What type of litter are we actually trying to prevent from polluting our waters?!


Trash on the banks of the Anacostia River.

On Tuesday January 20, the Montgomery County Council can help the Anacostia River in a big way, by voting to ban the use and sale of plastic foam food service products in the county and replacing them with compostable or recyclable products. Far too many of these containers are fouling our waters, including the Anacostia River and the Chesapeake Bay. ... Did you notice we didn’t refer to these containers as Styrofoam? ‘Why?’ you might ask.

It has become the societal norm in the U.S. to call any type of plastic foam product “Styrofoam,” but what is this term actually? STYROFOAM™ is a trademarked term owned by The Dow Chemical Company and the product was first used in watercraft applications by the U.S. military. Now STYROFOAM™ Brand products (usually dyed blue) are primarily used for home and building insulation, but they have never been used for single-use food and beverage containers (as seen in the photo above), among other things. Read this article published by The Washington Post for more on the misuse of the term.

How did this term become so widely misused? We don’t really know for sure but it is likely that because all of these products are made from the same material, polystyrene (manufactured from petroleum and synthetic chemicals), and because STYROFOAM™ Brand products were among the first to be widely used of their kind, the term got tacked onto anything remotely resembling the product. Further complicating the misuse of the term is that there are also different types of polystyrene products, meaning their composition and chemical properties are slightly different. We admit we’ve definitely misused this term in conversations and our communications materials, but our New Year’s Resolution is to stop that filthy habit!

Alright, so what do we call that (usually) white foam stuff being littered and polluting our streams and rivers? Plastic foam is the easiest way to identify what we are talking about. Plastic foam cups, plates, packaging, etc. Think about it, if you simply switch plastic foam for Styrofoam, will the person or audience know what you are talking about? Of course! It’s that easy.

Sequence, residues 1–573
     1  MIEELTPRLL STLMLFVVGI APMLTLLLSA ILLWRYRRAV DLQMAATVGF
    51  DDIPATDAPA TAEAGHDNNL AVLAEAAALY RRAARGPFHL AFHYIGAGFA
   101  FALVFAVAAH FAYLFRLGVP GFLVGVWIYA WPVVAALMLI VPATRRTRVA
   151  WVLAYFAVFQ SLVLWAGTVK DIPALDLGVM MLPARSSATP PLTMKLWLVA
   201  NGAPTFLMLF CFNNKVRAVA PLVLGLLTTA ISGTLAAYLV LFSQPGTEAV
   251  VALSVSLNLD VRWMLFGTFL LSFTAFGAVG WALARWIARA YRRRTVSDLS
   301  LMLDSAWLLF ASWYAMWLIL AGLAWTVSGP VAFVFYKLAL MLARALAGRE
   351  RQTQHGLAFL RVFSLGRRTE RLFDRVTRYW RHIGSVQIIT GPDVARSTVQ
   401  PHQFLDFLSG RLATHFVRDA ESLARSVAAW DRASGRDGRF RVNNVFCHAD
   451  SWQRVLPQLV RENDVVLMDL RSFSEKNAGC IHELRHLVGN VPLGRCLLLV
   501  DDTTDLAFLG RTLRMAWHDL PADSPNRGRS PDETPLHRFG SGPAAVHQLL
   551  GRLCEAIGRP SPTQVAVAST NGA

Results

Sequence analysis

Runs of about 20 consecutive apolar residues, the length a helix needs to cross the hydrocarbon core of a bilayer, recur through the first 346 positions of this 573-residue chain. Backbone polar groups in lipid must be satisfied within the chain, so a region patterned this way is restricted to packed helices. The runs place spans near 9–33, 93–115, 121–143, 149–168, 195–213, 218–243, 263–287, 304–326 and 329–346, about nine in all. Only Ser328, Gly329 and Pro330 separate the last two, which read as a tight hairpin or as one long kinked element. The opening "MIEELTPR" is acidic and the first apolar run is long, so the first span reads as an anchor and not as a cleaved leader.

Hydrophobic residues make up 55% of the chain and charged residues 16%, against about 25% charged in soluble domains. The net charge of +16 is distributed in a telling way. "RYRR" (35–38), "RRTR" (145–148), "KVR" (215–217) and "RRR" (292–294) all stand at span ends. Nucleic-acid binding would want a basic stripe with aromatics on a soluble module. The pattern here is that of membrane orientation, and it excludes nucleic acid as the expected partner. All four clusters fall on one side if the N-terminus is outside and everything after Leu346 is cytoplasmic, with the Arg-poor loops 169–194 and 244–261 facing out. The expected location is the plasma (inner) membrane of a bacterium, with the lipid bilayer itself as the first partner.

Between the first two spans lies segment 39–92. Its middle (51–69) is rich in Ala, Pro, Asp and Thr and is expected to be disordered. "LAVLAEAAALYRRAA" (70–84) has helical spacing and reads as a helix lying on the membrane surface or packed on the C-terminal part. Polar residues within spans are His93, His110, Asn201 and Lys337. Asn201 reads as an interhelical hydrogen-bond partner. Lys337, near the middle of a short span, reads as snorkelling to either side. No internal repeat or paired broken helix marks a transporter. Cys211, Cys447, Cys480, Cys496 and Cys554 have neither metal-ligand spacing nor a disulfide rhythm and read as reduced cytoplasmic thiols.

Why does all of this really matter? Thinking about the words and products we use and communicating what we mean really does matter. First, STYROFOAM™ is proprietary and should not take the heat for something it is not! Though that is not to say it is not harmful in some way; it is a polystyrene material after all. Second, the language used in legislation needs to be specific and correct. If we drafted a bill to ban the sale and use of STYROFOAM™, we would be trying to ban the wrong products (building insulation material, etc.). We want to ban expanded polystyrene foam food service products and packaging material; this is what gets written into a bill.

Why do advocates want to ban convenience-driven plastic foam products? There are so many reasons. Probably the two largest of them all being that they are not sustainable products and have chemical properties linked to health complications. They are not easily recycled; most jurisdictions do not accept them in their recycling programs. They break into tiny pieces that stick around for hundreds of years. Wildlife often mistakes the pieces for food. The pieces can rapidly absorb other toxic chemicals from the surrounding environment posing higher health risks to aquatic life; check out this article for more information on that.


Those white specks are tiny pieces of plastic foam that probably
once looked like those containers in the first photo.

Are there plastic foam bans in jurisdictions within the Anacostia River Watershed? Yes and we are not the only ones. Check out this page for information about bans in the U.S. (New York City moved forward with their ban last week after a year of failing to figure out how to make plastic foam recycling feasible!). The District of Columbia banned plastic foam food and beverage containers this past summer. Montgomery County Council is considering a ban (which includes the sale of foam loose-fill packaging) and will likely vote on their legislation next Tuesday! Show your support for this one by urging your county council member to vote for Bill 41-14 and attending the session on January 20 at 9:30 am being held at 100 Maryland Ave. in Rockville, Maryland.

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